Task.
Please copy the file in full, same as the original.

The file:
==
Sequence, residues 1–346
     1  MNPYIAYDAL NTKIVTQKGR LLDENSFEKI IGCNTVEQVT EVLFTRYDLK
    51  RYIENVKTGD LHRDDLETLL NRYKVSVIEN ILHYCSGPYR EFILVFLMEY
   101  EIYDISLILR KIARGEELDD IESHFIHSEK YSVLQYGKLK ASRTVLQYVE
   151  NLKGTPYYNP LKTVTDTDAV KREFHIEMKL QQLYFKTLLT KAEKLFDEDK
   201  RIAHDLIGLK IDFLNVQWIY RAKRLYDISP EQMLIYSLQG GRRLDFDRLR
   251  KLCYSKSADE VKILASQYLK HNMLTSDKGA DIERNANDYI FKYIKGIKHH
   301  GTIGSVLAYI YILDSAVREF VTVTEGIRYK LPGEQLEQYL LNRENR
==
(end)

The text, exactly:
Sequence, residues 1–346
     1  MNPYIAYDAL NTKIVTQKGR LLDENSFEKI IGCNTVEQVT EVLFTRYDLK
    51  RYIENVKTGD LHRDDLETLL NRYKVSVIEN ILHYCSGPYR EFILVFLMEY
   101  EIYDISLILR KIARGEELDD IESHFIHSEK YSVLQYGKLK ASRTVLQYVE
   151  NLKGTPYYNP LKTVTDTDAV KREFHIEMKL QQLYFKTLLT KAEKLFDEDK
   201  RIAHDLIGLK IDFLNVQWIY RAKRLYDISP EQMLIYSLQG GRRLDFDRLR
   251  KLCYSKSADE VKILASQYLK HNMLTSDKGA DIERNANDYI FKYIKGIKHH
   301  GTIGSVLAYI YILDSAVREF VTVTEGIRYK LPGEQLEQYL LNRENR